Tim O’Reilly, the founder of O’Reilly Media is generally recognized as one of the biggest names on Twitter—as of this writing, he’s closing in on his first half-million followers. If anybody was going to write the book on that vast social network, he’d be a leading candidate. So, with the help of former O’Reilly Media editor Sarah Milstein, that’s what he did. The Twitter Book has been available online in a PDF format for about a month, and it’s now available as a 140-page paperback.
“The idea for the book sprung into Tim’s head as people kept asking him questions about Twitter,” Milstein told us during a recent phone call. “But he realized that he just didn’t have the time to do it, even if it would only take a few days.” Luckily, Milstein had just completed a research paper for O’Reilly Media about using Twitter for commercial purposes; he contacted her, and one twenty-minute phone call later, the project had a green light. Five weeks later, it was ready to go.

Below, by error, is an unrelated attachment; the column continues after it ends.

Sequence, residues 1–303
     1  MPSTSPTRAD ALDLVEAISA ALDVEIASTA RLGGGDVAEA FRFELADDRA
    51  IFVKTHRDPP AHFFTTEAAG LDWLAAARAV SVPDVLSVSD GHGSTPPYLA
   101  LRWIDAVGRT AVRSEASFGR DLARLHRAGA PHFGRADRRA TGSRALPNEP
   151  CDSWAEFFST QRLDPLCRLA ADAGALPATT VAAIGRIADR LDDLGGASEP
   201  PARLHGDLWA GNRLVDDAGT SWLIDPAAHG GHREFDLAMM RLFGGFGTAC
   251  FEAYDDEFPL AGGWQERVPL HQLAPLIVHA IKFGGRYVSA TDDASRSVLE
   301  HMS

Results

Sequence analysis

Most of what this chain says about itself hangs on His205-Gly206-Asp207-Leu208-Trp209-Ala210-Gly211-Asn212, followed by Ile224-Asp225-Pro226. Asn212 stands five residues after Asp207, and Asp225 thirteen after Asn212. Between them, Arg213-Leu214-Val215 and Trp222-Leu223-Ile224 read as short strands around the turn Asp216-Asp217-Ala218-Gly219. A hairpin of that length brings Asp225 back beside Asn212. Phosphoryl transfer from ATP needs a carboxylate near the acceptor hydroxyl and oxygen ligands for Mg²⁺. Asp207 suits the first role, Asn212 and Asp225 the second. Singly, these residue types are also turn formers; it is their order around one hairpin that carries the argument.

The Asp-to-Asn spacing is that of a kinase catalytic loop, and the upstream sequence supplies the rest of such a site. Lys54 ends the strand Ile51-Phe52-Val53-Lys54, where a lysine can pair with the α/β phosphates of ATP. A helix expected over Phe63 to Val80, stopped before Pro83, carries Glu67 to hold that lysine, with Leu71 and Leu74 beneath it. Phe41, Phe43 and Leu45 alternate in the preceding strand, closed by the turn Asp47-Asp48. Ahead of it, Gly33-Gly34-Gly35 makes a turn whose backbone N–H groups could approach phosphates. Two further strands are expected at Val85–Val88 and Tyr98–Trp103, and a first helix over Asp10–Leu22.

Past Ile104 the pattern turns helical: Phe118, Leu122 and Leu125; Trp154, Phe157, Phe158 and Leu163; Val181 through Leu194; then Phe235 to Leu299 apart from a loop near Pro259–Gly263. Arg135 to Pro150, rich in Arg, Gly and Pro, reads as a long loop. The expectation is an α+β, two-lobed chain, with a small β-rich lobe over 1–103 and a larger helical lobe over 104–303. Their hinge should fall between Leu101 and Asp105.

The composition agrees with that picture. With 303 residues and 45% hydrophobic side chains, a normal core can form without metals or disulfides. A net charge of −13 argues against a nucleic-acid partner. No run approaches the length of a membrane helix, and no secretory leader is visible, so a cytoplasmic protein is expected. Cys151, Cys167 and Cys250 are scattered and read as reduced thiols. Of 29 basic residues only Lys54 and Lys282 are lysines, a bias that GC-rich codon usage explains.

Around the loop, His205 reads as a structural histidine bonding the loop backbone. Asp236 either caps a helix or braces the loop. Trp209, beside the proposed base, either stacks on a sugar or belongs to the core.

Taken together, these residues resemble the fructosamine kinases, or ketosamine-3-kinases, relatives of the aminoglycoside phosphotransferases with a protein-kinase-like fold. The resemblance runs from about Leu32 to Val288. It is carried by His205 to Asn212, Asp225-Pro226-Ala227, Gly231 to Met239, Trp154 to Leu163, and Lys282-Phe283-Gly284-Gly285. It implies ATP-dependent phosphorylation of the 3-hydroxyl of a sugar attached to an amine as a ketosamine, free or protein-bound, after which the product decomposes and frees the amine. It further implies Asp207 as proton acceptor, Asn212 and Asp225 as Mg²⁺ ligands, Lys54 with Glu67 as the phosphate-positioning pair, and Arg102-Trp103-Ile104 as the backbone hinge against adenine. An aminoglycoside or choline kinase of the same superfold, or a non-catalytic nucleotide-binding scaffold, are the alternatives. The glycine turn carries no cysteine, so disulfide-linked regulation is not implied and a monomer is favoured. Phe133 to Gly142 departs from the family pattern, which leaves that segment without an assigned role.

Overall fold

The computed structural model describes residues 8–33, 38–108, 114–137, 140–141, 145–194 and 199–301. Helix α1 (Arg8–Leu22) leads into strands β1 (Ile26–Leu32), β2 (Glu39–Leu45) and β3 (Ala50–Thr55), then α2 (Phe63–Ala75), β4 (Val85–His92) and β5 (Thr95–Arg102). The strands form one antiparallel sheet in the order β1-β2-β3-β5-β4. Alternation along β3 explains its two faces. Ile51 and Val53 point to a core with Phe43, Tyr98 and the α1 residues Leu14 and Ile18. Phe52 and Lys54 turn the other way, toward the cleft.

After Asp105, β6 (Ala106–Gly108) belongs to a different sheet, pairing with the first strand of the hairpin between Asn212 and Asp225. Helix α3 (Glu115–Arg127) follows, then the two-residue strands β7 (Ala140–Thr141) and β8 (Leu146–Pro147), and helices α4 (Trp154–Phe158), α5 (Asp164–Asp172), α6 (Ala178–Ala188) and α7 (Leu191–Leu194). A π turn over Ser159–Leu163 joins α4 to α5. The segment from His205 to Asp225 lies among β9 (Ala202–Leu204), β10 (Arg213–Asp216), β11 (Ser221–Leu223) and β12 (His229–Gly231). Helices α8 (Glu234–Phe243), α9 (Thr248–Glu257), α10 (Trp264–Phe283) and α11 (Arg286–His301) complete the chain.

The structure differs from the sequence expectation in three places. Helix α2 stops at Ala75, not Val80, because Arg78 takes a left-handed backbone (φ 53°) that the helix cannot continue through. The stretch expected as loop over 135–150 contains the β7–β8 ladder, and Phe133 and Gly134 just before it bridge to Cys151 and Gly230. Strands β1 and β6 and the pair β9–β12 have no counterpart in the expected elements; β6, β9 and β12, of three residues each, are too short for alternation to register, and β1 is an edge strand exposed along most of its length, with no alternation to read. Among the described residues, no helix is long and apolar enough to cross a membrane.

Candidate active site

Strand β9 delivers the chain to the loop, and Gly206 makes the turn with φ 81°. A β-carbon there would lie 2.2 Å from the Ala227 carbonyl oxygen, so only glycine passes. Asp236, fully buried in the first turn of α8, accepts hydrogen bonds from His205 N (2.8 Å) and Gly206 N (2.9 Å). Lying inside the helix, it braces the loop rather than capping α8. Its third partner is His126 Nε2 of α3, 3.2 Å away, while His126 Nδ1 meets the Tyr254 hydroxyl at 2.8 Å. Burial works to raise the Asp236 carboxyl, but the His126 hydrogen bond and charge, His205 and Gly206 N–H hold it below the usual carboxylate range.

The Twitter Book has a strong visual element; many of its screenshots came from Milstein’s original research. And though the idea of teaching people how to talk to other people online may seem a little corny at first, it actually is an effective handbook towards setting up a cohesive and consistent identity on Twitter. It’s not necessarily perfect, but it’s already sparked a lively debate among members of its target audience (look for the #twitterbook hashtag).
Next month, O’Reilly and Milstein will be presenting their wisdom to a live audience in Manhattan, in what’s billed as a “Twitter Boot Camp.” (Disclosure: mediabistro.com founder Laurel Touby is one of the scheduled presenters, and we’re looking forward to covering the event for GalleyCat.) “We’re thinking about this as a training day,” MIlstein told us, full of “useful, actionable information” that should be of interest to corporate marketers, celebrities, authors, and any other public figures and institutions who want to stand out from the millions of other tweeters in the system.